Lord Bassam of Brighton has urged the disgraced IT firm Fujitsu to pay towards compensation for hundreds of wrongly convicted sub-postmasters some of whom were jailed in Britain’s biggest miscarriage of justice.
So far, instead of paying compensation, Fujitsu has raked in billions of pounds from more public sector contracts, according to trade publisher Computer Weekly.
But, in the House of Lords, peers took aim at Fujitsu, which supplied the flawed Horizon computer software to the Post Office.
Lord Bassam, a member of Labour’s frontbench team in the Lords, said: “That company must be held responsible – and the government should make sure that is the case.”
Portslade post office boss Sami Sabet, 66, who runs the branch in Mill Lane, Portslade, as well as branches in Shoreham, was one of hundreds who were wrongly convicted while Fujitsu stayed silent.
Mr Sabet was given a 12-month suspended prison sentence in 2009 after being accused of stealing £50,000 from the Post Office by false accounting.
The money hadn’t been stolen. Shortfalls showed up as a result of accounting errors created by the faulty computer software – and Mr Sabet’s conviction was formally overturned in July last year.
Meanwhile, he ended up with £100,000 of debt from loans and on credit cards as he tried to pay back the money.
Mr Sabet repeatedly told the Post Office that he was not to blame – and that the shortfall was the fault of the defective Horizon IT system.
But the Post Office denied that the Fujitsu Horizon system could cause the shortfalls – and Fujitsu, despite knowing that this was not true, stayed silent.
The matter was raised in Parliament again on Monday (24 January) when Lord Arbuthnot of Edrom asked a question in the House of Lords.
Lord Arbuthnot, formerly the Conservative MP James Arbuthnot, asked whether the government’s £685 million compensation scheme would cover sub-postmasters who had been involved in legal action but not convicted or prosecuted.
Lord Arbuthnot told the Lords: “Fujitsu knew that it could – and did – alter the accounts of sub-postmasters without the knowledge of the sub-postmasters.
“It knew that the government was denying that this could be done. It knew that the sub-postmasters were being prosecuted for those altered accounts.”
The 69-year-old peer, who has campaigned on behalf of the falsely accused sub-postmasters, said: “Is it not high time and beyond that Fujitsu began to become part of the solution rather than part of the problem?”
Business Minister Lord Callanan urged him to await the outcome of a public inquiry being led by retired High Court judge Sir Wyn Williams.
Lord Callanan, formerly the Conservative MEP (Member of the European Parliament) Martin Callanan, said: “We all have our suspicions about this and we all have our views – but the inquiry has been set up to provide us with definitive answers to questions such as the very good one that the noble lord has posed.”
Former Brighton and Hove Council leader Steve Bassam – now Lord Bassam – said: “It seems quite wrong to me that a company that knew what it was doing, knew that the kit was faulty and knew that mistakes were being made has not been involved in this case.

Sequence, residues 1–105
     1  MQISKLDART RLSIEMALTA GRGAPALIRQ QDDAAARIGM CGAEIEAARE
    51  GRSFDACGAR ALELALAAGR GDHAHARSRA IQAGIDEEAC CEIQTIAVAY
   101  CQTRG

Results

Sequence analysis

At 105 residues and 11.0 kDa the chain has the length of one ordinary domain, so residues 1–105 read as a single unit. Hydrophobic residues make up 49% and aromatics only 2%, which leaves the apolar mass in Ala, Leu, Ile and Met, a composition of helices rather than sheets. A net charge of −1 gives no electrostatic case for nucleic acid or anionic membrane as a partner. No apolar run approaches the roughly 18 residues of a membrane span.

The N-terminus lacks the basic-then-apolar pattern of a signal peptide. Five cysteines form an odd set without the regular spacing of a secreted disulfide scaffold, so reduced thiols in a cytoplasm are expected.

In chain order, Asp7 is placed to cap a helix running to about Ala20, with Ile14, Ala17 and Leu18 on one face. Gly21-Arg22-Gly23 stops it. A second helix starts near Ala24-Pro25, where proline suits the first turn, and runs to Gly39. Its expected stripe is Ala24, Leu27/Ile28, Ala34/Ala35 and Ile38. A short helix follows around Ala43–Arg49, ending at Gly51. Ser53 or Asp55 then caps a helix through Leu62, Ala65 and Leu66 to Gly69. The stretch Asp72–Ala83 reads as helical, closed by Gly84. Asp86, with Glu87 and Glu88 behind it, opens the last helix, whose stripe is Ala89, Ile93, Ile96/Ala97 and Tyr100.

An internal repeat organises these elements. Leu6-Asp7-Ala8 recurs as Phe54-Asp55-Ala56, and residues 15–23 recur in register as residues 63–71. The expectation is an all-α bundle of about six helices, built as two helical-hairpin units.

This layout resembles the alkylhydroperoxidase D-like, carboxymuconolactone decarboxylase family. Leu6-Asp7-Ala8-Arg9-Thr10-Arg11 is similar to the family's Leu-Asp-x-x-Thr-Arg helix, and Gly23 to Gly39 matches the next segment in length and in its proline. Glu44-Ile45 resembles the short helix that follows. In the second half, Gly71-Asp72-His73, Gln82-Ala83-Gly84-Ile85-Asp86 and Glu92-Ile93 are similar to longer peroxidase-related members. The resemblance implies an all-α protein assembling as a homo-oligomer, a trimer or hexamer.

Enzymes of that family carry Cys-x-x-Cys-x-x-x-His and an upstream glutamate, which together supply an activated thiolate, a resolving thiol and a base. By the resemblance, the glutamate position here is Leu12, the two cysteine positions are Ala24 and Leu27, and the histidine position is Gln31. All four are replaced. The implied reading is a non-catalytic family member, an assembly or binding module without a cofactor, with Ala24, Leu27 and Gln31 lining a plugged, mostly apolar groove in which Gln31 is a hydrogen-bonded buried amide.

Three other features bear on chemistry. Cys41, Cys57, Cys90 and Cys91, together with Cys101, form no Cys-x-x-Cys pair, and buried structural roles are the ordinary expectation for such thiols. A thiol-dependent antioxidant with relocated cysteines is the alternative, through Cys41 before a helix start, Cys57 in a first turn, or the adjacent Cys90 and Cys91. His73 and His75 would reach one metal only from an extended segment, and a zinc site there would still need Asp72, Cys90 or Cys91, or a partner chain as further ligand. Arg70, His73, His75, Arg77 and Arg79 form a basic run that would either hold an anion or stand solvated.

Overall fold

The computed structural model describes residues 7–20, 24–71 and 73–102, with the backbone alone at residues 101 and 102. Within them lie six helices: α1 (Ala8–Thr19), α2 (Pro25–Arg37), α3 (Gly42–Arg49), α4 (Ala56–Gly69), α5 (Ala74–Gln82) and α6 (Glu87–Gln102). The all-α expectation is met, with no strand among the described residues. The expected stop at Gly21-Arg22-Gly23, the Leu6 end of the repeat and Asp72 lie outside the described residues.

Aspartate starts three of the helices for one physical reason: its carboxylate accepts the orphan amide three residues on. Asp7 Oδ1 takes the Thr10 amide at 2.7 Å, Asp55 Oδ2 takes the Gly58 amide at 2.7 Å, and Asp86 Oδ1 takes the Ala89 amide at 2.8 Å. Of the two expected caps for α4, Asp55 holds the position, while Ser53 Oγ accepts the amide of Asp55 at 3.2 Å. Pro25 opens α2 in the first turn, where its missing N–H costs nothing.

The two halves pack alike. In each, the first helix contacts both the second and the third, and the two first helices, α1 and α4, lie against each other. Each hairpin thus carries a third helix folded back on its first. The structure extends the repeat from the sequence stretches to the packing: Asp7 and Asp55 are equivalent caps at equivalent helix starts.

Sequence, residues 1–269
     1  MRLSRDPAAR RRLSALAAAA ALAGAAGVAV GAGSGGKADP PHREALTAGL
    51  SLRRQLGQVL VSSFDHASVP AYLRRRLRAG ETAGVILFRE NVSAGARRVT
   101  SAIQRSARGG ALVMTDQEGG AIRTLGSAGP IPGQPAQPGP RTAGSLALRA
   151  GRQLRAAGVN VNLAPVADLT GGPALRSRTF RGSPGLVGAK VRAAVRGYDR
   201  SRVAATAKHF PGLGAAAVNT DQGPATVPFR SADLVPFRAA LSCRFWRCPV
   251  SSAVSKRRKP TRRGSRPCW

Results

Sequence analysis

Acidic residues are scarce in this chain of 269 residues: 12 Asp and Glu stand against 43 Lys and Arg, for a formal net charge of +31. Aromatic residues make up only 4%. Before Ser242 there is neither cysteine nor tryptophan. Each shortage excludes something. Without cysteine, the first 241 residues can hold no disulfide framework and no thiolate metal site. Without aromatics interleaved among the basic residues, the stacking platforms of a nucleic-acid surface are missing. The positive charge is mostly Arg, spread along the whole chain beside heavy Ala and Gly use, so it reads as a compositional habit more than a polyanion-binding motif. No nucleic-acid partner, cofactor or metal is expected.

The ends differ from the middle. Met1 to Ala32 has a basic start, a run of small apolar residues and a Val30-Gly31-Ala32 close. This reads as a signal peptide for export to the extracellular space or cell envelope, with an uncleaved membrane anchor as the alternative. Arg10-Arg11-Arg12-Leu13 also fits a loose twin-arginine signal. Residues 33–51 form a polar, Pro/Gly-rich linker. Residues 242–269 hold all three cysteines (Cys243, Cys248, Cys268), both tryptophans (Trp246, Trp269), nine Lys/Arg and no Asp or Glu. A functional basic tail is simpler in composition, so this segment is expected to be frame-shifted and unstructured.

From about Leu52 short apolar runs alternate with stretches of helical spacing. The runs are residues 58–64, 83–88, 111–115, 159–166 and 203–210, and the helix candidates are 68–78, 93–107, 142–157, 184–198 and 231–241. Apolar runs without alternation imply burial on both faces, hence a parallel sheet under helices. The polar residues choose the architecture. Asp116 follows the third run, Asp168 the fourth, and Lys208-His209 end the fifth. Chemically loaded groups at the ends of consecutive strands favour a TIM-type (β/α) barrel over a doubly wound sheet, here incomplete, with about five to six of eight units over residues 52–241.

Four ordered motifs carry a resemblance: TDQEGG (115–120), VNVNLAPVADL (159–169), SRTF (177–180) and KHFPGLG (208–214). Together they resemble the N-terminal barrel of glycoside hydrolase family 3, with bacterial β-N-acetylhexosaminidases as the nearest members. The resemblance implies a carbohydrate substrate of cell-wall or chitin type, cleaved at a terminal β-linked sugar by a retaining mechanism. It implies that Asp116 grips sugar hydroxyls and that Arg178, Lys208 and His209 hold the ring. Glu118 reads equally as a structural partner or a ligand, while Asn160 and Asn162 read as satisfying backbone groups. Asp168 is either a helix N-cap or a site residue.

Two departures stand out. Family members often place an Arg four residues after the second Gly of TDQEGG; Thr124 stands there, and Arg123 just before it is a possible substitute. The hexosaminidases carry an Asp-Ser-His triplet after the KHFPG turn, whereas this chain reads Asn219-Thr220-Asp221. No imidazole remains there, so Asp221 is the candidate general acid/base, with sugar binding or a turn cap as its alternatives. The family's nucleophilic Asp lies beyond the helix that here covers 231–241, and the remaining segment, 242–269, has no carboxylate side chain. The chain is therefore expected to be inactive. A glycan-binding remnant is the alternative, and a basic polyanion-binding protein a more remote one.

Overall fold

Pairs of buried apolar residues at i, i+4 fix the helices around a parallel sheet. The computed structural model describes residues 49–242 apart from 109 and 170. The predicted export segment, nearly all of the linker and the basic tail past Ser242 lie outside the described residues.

“They should be making payments to the government so that the government can fully compensate all those who have being wrongfully imprisoned, who have been charged within this scheme and who have suffered years of life-destroying consequences as a result of that.
“That company must be held responsible – and the government should make sure that is the case.”
Lord Callanan said: “I very much hope that those who were judged responsible will be held accountable.
“But it is important to wait for the outcome of the independent public inquiry that has been launched and is proceeding before we apportion blame.”
He said that most of those whose convictions had already been overturned, like Mr Sabet, had already received interim compensation payments of £100,000.
When Mr Sabet emerged from the Court of Appeal last summer he said that he felt “incredible” and “vindicated”.
He said: “I cannot believe that this day has come. You couldn’t imagine the anguish I have suffered. There’s not a single minute of a single day that I didn’t go over this.”
Mr Sabet spent more than 12 years trying to clear his name and said that, besides debt, he had suffered heartache and the ordeal had caused a catalogue of health issues.
The Post Office said that it accepted that the prosecution of Mr Sabet was both unfair and an affront to justice. To read the Court of Appeal judgment on the case of Mr Sabet and others, click here.
In Parliament, the Conservative peer Lord Grade of Yarmouth, formerly Michael Grade, asked: “I wonder if the government would remove Fujitsu from their preferred suppliers tendering for government contracts, pending (the public) inquiry’s result.”
Lord Callanan replied: “I do not know whether Fujitsu is still on the tender lists or is the subject of any government contracts but I will certainly find out and write to the noble lord on that.”
According to Computer Weekly, Fujitsu has been awarded contracts worth £3.1 billion by the British public sector since 2013.
The publisher said last May that Fujitsu had “so far avoided any adverse ramifications resulting from its role in the Post Office Horizon scandal … the biggest miscarriage of justice in UK history”.
The company had “wrecked the lives of sub-postmasters” who had “suffered unimaginable hardship triggered by IT faults the supplier hid from them”.
Fujitsu’s contracts include two with the Post Office, worth a total of £440 million, while sub-postmasters were jailed, bankrupted, suffered stress and ill-health and, in one case, committed suicide.
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